All participants lived within 0.3 miles from one of the 54 study parks (33 intervention parks and 21 control parks). The study included two cohorts: an adult-only cohort and a parent-child dyad cohort in which a primary caregiver and a child aged between 3 years and 8 years were enrolled together. Participants agreed to wear an accelerometer for at least 10 hours per day over a 7-day period to measure both physical activity and sedentary behavior. Over the same 7-day period, adult participants used the PARCS study app to respond to a survey with questions on a range of psychosocial and community well-being measures. Through the study app, participants also responded to brief real-time ecological momentary assessment surveys regarding park use. Using mobile geographic information system-enabled technology, the PARCS study app geofenced each study park and recorded participants’ usage of study parks. Field staff referred to as project coordinators were responsible for participant recruitment, implementing engagement strategies, distributing study materials, following up with participants, and providing a community-level interface for the study. Three project managers were responsible for overseeing field staff, coordinating site scheduling and accelerometer distribution, monitoring participant engagement strategies, and tracking adherence metrics to monitor progress toward study goals.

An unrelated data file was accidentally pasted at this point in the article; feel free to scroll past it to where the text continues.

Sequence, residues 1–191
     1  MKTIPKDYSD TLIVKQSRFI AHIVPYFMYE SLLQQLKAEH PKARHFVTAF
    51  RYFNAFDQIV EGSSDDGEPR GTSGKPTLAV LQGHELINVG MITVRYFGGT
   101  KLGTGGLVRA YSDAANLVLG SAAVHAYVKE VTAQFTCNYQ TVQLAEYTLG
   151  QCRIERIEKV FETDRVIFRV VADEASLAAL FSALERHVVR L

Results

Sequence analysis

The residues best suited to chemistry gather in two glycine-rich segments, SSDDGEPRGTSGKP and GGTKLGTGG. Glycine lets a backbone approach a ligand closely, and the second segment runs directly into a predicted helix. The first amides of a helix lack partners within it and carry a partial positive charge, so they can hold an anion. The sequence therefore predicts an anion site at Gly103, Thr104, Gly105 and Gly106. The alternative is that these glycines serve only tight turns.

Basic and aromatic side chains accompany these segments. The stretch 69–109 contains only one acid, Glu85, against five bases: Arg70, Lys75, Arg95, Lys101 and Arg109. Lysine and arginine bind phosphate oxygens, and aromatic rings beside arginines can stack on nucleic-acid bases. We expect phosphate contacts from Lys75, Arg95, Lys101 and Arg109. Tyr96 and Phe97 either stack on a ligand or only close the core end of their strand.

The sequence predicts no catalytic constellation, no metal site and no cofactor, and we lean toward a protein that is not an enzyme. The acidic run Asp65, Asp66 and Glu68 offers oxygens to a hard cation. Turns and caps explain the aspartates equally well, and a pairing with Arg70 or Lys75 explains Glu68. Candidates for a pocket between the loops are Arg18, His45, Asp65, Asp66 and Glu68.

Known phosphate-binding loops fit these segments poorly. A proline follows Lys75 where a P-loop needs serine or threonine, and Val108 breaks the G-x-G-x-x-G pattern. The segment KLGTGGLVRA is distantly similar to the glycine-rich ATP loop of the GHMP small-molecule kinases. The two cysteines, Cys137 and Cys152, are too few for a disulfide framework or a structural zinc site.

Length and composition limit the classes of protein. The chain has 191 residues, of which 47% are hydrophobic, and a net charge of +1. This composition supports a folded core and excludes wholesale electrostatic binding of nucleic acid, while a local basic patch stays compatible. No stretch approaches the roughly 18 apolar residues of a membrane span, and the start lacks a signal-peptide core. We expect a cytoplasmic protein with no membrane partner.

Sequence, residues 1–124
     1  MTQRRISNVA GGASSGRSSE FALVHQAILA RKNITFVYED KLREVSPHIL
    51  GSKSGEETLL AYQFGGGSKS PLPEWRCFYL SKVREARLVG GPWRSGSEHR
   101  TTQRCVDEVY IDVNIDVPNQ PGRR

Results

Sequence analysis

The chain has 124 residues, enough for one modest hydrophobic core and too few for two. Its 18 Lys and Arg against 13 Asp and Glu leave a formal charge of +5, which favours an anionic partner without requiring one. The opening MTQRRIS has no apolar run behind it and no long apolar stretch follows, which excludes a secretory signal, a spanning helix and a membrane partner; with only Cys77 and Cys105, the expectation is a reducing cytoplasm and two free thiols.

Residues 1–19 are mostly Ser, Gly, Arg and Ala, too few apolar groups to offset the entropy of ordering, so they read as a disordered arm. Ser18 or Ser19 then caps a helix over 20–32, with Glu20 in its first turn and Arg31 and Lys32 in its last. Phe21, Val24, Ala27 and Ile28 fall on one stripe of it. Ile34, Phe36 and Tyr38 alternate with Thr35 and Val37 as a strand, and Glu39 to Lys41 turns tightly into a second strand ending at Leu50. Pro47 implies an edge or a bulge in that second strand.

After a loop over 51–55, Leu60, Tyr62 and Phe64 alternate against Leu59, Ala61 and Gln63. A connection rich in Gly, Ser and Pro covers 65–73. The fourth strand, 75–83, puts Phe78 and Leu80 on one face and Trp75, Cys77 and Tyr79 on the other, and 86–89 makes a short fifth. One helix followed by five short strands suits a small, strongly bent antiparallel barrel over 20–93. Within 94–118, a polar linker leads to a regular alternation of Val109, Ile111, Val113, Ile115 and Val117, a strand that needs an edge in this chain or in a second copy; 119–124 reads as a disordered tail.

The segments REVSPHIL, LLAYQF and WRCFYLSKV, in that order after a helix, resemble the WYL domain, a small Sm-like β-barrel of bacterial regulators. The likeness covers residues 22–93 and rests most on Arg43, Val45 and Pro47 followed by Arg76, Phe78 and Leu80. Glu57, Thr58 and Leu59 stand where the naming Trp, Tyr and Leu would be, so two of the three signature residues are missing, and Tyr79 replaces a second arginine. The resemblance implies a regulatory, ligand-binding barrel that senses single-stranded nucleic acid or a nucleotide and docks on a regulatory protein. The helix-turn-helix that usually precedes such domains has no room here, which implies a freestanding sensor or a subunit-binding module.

The PARCS study methodology is a response to the call for more rigorous study designs to generate stronger evidence regarding the relationship between built environment interventions and health behaviors and outcomes. As the included park renovations mainly occur in lower-income communities of color throughout New York City, the study further aims to generate evidence about the relationship between built environment interventions and health equity. Due to the long timeframe and a focus on low-income communities and neighborhoods where a majority of residents are people of color, the PARCS study team has encountered many of the previously reported challenges of successfully engaging participants . Throughout the process, the research team attempted to respond by adapting diverse participant engagement and operational management strategies.
Study Adaptations in Participant Engagement and Operational Flexibility